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11-29-2019, 04:13 PM   #1
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which Pentax DSLR to purchase?

New to this forum, and intend to use it more often....hope I'm posting in the best location.

I've done a fair amount of online digging, read reviews for several Pentax DSLRs, but still could use suggestions as to which one to purchase.

I tend to shoot wildlife off and on, some action/sports, but mostly landscapes & architecture with an increasing interest in casual portraits, so it's in regards to subject matter I'm all over the place. I've always owned a Pentax, loved my old medium format 6x7 film camera. Finally purchased a K30 about 6 years ago, and a couple lenses: Pentax D FA 2.8 24-70MM & Pentax D FA 2.8 70-200. I've enjoyed the K30, but lately find myself wanting more. I'm generally pleased with the pictures, but find myself wanting sharper images/higher resolution. Can't help wanting to go full frame, but know there are drawbacks to that too....so is that the real solution?
Video is not a top priority. A built-in flash would get used, but that shouldn't make/break the deal, I would likely just have to learn how to use my Lumopro LP180 (actually want to learn how to use it, just haven't found a good resource to follow up on that).
This post is rather scattered, and it likely reflects where I am with my equipment. I just want to know I've got the DSLR that best suits me and really invest time/energy for years to come. Glad to provide more info if needed.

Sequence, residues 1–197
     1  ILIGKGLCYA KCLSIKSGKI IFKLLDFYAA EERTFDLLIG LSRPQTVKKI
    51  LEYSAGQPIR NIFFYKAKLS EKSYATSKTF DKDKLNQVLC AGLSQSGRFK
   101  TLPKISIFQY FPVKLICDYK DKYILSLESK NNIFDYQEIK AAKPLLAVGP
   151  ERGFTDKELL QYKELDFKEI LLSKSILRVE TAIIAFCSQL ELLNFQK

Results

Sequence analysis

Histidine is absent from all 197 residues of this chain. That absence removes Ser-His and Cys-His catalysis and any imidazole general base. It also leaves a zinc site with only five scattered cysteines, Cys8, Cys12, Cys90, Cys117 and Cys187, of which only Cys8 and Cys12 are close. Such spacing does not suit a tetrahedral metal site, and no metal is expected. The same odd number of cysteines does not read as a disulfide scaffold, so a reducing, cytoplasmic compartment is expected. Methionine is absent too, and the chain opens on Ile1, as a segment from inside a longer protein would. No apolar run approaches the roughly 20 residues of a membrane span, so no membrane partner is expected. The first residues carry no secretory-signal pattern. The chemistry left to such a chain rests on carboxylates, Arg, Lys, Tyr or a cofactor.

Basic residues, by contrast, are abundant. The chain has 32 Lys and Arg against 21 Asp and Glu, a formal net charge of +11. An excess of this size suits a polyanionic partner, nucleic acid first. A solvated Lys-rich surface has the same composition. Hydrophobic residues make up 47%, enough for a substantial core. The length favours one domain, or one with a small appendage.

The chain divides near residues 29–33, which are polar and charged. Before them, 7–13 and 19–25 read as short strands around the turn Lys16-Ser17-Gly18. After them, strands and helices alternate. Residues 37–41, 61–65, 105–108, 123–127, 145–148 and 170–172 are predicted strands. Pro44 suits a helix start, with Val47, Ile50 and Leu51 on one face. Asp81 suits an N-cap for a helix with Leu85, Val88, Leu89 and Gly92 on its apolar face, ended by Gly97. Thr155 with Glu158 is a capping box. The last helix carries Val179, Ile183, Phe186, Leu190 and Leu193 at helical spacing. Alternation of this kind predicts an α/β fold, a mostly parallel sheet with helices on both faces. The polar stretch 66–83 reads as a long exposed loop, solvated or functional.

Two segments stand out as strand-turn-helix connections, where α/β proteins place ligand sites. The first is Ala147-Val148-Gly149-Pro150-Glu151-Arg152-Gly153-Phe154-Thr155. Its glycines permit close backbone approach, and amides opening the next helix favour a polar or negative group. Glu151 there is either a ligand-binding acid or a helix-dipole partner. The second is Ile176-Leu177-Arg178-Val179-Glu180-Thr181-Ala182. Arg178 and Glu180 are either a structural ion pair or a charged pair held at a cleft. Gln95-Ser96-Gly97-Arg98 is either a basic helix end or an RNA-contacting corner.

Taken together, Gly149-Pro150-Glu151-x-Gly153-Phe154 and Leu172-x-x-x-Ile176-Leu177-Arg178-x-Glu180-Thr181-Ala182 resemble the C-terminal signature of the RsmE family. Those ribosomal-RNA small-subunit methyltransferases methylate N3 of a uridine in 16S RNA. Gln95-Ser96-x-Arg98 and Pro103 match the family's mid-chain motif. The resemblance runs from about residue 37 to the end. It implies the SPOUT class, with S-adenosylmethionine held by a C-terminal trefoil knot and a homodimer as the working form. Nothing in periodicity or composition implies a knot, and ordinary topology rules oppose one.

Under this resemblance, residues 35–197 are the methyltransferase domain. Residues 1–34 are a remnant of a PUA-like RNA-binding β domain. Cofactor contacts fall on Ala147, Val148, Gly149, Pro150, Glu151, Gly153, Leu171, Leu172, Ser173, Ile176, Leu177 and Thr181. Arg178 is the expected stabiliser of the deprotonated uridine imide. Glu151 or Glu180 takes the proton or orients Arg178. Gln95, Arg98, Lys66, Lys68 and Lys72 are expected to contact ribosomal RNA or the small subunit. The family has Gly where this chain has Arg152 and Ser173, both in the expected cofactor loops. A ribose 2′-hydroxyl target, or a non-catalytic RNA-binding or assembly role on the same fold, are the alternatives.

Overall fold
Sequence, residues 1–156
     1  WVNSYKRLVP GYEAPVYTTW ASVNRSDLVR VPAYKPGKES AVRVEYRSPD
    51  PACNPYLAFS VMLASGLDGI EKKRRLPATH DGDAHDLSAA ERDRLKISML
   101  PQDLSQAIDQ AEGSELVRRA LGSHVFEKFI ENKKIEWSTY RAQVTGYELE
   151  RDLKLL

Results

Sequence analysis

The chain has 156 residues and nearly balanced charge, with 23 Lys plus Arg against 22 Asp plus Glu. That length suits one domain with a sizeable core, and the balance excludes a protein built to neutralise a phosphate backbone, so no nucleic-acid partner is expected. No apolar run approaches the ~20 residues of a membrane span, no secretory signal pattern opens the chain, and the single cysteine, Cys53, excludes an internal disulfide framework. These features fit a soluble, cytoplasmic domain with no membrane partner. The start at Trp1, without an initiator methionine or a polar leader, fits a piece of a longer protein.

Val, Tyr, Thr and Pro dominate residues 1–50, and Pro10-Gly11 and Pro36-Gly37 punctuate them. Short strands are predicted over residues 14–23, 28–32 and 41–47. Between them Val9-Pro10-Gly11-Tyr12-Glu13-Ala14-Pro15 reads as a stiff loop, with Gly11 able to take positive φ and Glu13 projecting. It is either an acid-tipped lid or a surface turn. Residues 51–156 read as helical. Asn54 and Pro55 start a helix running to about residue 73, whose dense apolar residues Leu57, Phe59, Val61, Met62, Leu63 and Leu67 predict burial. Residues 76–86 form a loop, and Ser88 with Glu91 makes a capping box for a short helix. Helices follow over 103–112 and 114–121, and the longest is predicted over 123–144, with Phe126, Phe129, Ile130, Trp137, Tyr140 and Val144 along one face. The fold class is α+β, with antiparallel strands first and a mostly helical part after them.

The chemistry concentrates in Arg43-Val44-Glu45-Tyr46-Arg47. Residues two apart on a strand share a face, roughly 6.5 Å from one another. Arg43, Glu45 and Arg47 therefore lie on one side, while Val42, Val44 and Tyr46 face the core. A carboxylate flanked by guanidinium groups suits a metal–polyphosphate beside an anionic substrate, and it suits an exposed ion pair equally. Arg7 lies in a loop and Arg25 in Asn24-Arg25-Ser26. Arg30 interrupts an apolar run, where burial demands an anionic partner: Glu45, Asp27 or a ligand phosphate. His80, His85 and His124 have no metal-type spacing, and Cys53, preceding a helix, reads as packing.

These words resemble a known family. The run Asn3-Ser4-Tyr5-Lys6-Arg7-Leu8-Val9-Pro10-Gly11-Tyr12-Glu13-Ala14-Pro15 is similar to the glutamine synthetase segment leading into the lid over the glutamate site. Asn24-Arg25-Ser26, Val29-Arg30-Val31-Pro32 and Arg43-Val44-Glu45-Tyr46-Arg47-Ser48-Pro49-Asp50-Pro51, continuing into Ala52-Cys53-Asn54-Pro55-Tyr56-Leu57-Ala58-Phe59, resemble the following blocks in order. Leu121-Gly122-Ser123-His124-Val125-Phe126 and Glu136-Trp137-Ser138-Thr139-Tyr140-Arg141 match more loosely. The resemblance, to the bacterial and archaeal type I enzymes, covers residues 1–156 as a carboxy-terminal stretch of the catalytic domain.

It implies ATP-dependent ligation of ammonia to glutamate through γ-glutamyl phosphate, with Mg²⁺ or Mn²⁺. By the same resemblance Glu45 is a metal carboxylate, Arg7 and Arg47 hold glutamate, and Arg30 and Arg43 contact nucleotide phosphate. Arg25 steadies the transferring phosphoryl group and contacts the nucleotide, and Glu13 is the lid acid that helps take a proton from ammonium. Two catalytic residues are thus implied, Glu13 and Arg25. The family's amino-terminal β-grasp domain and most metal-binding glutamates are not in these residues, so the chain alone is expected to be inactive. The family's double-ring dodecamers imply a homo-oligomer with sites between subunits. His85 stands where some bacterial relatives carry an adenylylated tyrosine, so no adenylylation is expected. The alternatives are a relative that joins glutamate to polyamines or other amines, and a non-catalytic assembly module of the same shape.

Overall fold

Any suggestions are appreciated.

11-29-2019, 04:29 PM   #2
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QuoteOriginally posted by sactodaddyo Quote
but mostly landscapes & architecture with an increasing interest in casual portraits
K-1 (ii)......you have very good glass.....

QuoteOriginally posted by sactodaddyo Quote
I tend to shoot wildlife off and on, some action/sports
k-3 (ii) for burst rate and the pseudo reach from being aps-c .....k-70....k-p......
11-29-2019, 04:33 PM   #3
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I do not know what the drawbacks for FF you are referring to, I only know one: the price.

If not the K1 II your choice wlill be limited to the K3 II
For wildlife the 70-200 will be a little short.

A used K5 II would be another possibility, that body has the improved AF system.

Your wishes cover a wide range.
For wildlife a large non zoom lens will be a good choice.

Last edited by Fluegel; 11-30-2019 at 02:20 AM.
11-29-2019, 04:48 PM   #4
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QuoteOriginally posted by sactodaddyo Quote
New to this forum, and intend to use it more often....hope I'm posting in the best location.

I've done a fair amount of online digging, read reviews for several Pentax DSLRs, but still could use suggestions as to which one to purchase.

I tend to shoot wildlife off and on, some action/sports, but mostly landscapes & architecture with an increasing interest in casual portraits, so it's in regards to subject matter I'm all over the place. I've always owned a Pentax, loved my old medium format 6x7 film camera. Finally purchased a K30 about 6 years ago, and a couple lenses: Pentax D FA 2.8 24-70MM & Pentax D FA 2.8 70-200. I've enjoyed the K30, but lately find myself wanting more. I'm generally pleased with the pictures, but find myself wanting sharper images/higher resolution. Can't help wanting to go full frame, but know there are drawbacks to that too....so is that the real solution?
Video is not a top priority. A built-in flash would get used, but that shouldn't make/break the deal, I would likely just have to learn how to use my Lumopro LP180 (actually want to learn how to use it, just haven't found a good resource to follow up on that).
This post is rather scattered, and it likely reflects where I am with my equipment. I just want to know I've got the DSLR that best suits me and really invest time/energy for years to come. Glad to provide more info if needed.